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I. The Settlement Hickory bark bluffs at the blend of two rivers. Gasconade waters buttered with the muddy Missouri. A lookout of miles kept in dawn’s trees by Afterbirth Boy in search for the Double-faced man ** and his ships. He walked the deer tracks, the silent banks in whispering wisps of limbs and etched his hunting fishing fires in abrasive limestone. And when he ascended skyward *** appearing as a star, his careful pots and arrowheads remained for field trips. II. Sailor’s Grave Long gusts rustled and turned the leaves. A riverboat anchored offshore. Men shouldered the knotted box scaling rutted woodland slopes, disrupting the Prelude to the Afternoon of a Fawn. At the top of hill the hole was ready. A prayer by the captain. Words for dark earth’s reception as River Princess, her screaming steam whistle echo bouncing limestone bluffs, haunted the breeze for miles. The same limestone carved for a marker, placed out of deference to a memory, out of fear of powers unseen. Forrest of passing Took possession of the passed away. The tombstone of faded relief proved unmovable in one terrible night’s torrent. But dead oak felled by by lightning’s lethal strike landed to tilt the stone. Lodged insensate against the headstone, hulking oak leaned there as a fixture. III. German Family Herr Doctor at the coming of age for his wooded six hundred homestead. Modest burgs already spotted forest river views. Herr Doctor named his land for a castle tower, a sycamore fortress overlooking rivers confluence. On free hills he constructed cabins, dwellings for possum, skunk and fishermen. Rust colored and crawling with ivy. Where mice ate his attic American history books, written in German, crumbling in trunks. Where Victrolas collected the powder of neglect. Where kerosene kitchens offered pensive light in black ink evenings. Dying like a Jefferson, he was buried on his land in a family plot along the common path. Overgrown behind a low rusty fence, he turned to dust with quiet kin, quiet earth and quiet hills. His daughters in rockers remained, resting the acres in Unitarian chapel hands. IV. Urban Study The memories, roaming the hide-away cliffs in replowed childhood. Churchgoers flocked hungry with their eyes and stomachs. They swung mad ropes from a bridge of silver rivets over a rushing river. They leaped to rapid deeps from the highest girders. As the poltergeists driving daily trains, their thunder pounded each tie along the bluffs: They came teenage or familied, affluent or transient, new morality or pagan, Retreating in humid breeze or flood plain mosquitoes, a mud-land of tree stumps, the lace of Queen Ann, and the celestial fireflies of wild night. Carnal diets were spread here in sleeping bags, and shaded guitar intonations with subdued voices they drifted away with the campfires. Children sprouted everywhere like saplings moving out of this sanctuary to adulthood, Then they scattered across the Earth, extending their paths, until they ascended skyward. • Bergfried is a German word referring to a free standing castle tower. It is the name that was given to a 600 acre plot of wooded land in state of Missouri at the confluence of the Gasconade and Missouri Rivers. The first owner was a German immigrant and a doctor. Many Germans immigrants settled in this part of Missouri. At one high point on the hilly land, one could look out on the conjoining of the two rivers and this may have been the reason the original owner gave his land this name. Also at this high point on the land there was a sailor’s grave. The large headstone was right at the edge of the bluff looking down on the rivers and an oak tree had fallen on top of the stone, tilting it to the side. The dead tree was too heavy to lift and continued to rest on top of the stone. After the owner died, the property was managed by two daughters, but they soon became too old to manage the property, so they donated it to the Eliot Unitarian Chapel in Kirkwood Mo. ** The Afterbirth Boy and the Double-Faced Man are characters from Native American (Plains Indian) folklore. The first people to appear on this land were Plains Indians. The Afterbirth Boy is usually portrayed as a heroic monster slayer and the Double-faced Man is generally portrayed as a monstrous human with two faces, one on the front and the other on the back of his head. *** In Native American folklore characters often drifted into the sky to become stars. Both the Afterbirth Boy and the Double-Faced Man drifted into the sky to become stars, according to legend.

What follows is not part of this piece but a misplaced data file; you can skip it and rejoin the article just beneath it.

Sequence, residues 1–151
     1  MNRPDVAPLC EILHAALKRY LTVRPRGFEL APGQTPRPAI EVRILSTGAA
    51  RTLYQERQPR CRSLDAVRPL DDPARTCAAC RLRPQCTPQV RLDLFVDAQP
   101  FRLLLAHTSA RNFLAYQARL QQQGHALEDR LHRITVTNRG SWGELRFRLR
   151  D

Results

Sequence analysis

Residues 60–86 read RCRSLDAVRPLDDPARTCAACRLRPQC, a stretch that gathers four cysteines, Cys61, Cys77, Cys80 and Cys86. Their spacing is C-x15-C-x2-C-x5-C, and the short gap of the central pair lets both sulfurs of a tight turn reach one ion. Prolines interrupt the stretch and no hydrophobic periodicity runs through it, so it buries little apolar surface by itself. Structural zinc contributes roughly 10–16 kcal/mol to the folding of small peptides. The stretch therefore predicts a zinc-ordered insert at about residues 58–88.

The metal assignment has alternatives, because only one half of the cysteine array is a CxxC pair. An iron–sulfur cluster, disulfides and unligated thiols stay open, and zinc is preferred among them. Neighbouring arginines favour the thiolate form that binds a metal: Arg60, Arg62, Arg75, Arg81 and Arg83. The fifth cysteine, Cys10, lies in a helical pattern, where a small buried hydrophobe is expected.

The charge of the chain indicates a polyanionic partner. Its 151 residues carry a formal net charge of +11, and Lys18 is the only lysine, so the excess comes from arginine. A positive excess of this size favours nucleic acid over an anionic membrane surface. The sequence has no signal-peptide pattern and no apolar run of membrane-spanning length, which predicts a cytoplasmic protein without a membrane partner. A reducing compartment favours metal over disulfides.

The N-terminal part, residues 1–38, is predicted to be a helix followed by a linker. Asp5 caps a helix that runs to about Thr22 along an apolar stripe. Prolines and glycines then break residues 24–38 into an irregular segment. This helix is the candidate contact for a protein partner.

Copyright © | Year Posted 2020

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